A French intelligence agent becomes embroiled in the Cold War politics first with uncovering the events leading up to the 1962 Cuban Missile Crisis, and then back to France to break up an international Russian spy ring.
Jonathan Cooper is wanted by the police who suspect him of killing his lover's husband. His besotted friend Eve Gill offers to hide him and Jonathan explains to her that his real lover, actress Charlotte Inwood is the real murderer. Eve decides to investigate for herself, but when she meets the detective in charge of the case, she truly falls in love.Written by
Col Needham <firstname.lastname@example.org>
The sets, cast, filming, and plot are all great--a full blooded success
Stage Fright (1950)
Offhand, Marlene Dietrich and Alfred Hitchcock seem like an unlikely pair. But it works! Even if you find Dietrich wooden as an actress, you have to appreciate her aura, which was legendary, and which Hitchcock incorporates, and bounces against, with real virtuosity. There are two or three long scenes, as when Dietrich is trying on her mourning clothes and smoking under her veil, where the filming, the fast dialog, the light, the movement of the characters, and the editing are breathtaking.
Taken in pieces like this, or seen as a whole, the film is a masterpiece of directing and construction. And at least three of the principle characters are just perfect--Jane Wyman as the innocent woman in the middle of it all, Alastair Sims as her father, and Dietrich. A fourth surprise performance is by Michael Wilding, who appears in many different scenes, and is charming, funny, and smart as a whip, playing a detective in love and in the dark.
The plot itself is classic Hitchcock, with seeming innocence and guilt shifting as you watch, and ordinary people getting too involved in the solving of the crime. Including the viewer. Even the use of the flashback that anchors the beginning of the film as two of them speed away gets a huge twist by the end, both a narrative thrill and a logical one, in terms of film-making. Talk about verisimilitude getting in the way of realism.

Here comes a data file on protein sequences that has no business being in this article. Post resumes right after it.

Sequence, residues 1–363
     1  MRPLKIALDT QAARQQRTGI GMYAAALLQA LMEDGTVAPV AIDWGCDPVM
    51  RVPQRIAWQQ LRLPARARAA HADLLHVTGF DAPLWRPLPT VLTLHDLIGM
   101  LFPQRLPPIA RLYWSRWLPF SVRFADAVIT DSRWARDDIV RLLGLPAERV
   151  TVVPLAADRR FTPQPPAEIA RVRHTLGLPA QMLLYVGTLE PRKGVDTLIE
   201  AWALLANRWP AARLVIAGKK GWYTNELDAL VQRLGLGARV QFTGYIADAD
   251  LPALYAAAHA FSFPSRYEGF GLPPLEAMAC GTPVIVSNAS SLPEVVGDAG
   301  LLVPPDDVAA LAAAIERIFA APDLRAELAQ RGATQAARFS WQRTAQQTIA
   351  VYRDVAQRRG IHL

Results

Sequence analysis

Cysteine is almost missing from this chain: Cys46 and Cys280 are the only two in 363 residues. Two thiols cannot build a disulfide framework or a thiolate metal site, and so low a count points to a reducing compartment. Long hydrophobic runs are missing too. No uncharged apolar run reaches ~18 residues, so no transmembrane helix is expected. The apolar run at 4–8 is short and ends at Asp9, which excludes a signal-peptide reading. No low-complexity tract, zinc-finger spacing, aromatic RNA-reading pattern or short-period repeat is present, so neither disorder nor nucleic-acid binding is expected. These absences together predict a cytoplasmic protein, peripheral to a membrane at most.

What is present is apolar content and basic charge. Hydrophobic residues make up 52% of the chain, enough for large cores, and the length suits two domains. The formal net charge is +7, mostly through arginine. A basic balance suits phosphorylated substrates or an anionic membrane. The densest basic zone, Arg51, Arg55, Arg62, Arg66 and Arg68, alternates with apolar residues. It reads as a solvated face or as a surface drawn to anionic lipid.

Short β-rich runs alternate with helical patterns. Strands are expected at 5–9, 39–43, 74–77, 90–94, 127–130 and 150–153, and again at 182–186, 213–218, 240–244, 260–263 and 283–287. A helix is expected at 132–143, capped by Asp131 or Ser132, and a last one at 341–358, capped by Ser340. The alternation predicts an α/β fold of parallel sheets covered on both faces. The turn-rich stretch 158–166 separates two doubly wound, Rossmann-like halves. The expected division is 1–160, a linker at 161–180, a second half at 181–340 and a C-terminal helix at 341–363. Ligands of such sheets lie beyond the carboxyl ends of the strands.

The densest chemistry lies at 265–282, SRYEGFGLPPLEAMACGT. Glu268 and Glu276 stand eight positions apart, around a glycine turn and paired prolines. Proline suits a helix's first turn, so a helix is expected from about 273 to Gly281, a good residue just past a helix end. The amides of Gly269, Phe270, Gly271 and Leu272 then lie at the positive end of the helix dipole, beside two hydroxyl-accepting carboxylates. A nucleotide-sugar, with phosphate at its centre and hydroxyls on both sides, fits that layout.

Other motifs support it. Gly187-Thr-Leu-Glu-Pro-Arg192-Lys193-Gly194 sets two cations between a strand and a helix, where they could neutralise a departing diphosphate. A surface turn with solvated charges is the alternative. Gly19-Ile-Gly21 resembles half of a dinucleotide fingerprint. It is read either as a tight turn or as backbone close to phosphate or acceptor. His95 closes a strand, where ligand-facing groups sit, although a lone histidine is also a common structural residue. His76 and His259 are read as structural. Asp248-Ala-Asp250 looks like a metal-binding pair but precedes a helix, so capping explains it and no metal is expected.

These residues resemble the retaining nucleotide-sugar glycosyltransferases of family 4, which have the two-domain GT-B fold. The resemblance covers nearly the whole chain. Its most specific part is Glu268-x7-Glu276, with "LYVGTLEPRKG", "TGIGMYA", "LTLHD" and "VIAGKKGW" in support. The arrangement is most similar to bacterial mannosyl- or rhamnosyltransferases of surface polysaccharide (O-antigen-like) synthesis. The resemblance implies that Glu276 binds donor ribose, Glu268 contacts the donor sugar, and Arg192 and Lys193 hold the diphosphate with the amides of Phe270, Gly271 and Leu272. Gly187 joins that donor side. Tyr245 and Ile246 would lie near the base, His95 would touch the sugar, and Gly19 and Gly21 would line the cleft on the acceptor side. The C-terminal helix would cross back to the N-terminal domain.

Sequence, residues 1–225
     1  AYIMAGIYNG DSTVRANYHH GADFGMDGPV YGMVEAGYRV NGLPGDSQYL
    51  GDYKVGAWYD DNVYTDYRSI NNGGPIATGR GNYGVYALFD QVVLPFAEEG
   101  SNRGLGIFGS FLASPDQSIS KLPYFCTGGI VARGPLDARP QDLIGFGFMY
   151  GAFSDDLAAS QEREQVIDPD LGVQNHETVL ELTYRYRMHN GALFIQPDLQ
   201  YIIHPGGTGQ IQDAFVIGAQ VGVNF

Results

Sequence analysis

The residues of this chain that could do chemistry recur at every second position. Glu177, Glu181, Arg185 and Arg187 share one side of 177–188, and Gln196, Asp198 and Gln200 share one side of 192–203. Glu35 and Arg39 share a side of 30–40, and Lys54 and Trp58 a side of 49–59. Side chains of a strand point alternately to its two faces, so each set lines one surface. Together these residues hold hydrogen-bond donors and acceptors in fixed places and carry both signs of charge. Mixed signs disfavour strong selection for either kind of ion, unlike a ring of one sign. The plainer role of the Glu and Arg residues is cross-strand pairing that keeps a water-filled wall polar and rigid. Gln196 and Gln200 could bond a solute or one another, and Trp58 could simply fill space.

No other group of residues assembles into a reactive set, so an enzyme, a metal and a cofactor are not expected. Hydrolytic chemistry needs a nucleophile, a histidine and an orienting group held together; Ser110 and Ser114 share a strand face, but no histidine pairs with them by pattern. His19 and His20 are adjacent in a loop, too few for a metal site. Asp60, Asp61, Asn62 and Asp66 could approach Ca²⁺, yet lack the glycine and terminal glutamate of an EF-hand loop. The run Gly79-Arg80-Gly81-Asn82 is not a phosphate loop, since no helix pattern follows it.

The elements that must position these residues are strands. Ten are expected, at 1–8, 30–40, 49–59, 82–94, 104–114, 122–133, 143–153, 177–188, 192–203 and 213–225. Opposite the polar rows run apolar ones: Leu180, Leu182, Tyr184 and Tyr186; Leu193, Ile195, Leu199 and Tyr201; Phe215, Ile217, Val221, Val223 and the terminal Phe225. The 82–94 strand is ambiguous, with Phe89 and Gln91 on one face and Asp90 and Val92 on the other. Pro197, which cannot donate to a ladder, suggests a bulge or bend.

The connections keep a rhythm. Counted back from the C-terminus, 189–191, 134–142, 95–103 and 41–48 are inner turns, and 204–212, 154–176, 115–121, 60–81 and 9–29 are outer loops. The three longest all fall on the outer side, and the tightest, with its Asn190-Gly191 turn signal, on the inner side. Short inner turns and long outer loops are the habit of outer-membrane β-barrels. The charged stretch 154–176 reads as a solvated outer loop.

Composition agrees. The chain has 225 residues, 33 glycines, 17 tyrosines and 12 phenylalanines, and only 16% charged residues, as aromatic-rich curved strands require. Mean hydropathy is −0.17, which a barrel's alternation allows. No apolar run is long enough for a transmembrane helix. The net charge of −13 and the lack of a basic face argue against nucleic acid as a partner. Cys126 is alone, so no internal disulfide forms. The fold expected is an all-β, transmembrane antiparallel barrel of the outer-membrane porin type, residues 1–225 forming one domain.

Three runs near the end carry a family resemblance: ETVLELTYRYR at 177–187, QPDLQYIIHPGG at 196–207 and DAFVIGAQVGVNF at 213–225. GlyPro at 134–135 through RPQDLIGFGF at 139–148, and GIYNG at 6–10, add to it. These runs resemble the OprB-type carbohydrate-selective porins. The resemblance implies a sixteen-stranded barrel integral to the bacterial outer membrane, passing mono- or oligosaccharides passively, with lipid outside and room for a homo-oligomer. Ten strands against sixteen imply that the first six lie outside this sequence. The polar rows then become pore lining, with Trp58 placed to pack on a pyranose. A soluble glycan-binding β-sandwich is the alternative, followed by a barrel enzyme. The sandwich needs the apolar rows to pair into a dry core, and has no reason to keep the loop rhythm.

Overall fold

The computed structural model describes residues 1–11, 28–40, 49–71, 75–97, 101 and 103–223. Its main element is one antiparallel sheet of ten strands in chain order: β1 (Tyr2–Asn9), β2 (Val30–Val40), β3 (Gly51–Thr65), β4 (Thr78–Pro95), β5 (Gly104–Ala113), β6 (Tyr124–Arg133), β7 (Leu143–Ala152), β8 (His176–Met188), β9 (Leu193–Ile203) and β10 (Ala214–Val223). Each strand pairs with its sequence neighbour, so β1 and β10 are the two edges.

We know that the stage will play a large role throughout, and Hitchcock loved to include the theatre in his films. Christian Dior designed Dietrich's wardrobes, and the song is by none other than Cole Porter. The song is clever, but not his best, and Dietrich's performance, though supported by a fabulous set for a small time theater, is dull. The writing throughout is rather fabulous, partly thanks to Hitchcock's wife, who worked on it (and look for their daughter, by the way, at the lawn party).
There is so much going right here, what keeps it from quite becoming a masterpiece? I think the key thing is the startling disparity in acting styles. I mean, Wyman, Sim, and Dietrich are about as odd a threesome as you get in terms of acting style. Wilding is a kind of lubricant throughout (he appears in scenes with all of them and seems to make them sensible). The other noticeable flaw might be the last several minutes, when a climax is building, and yet there is an odd diffusion and a sudden end to it all, as if an opportunity was lost to wring us out a little.
But don't let this stand in your way. It's a terrific movie in all. I liked this more this time than any previous viewing, and I was left wondering why I had forgot so much about it. There is some really nice filming, it never gets boring, the sets and locations are fabulous, and some of the individual acting is a wonder. Including Dietrich.
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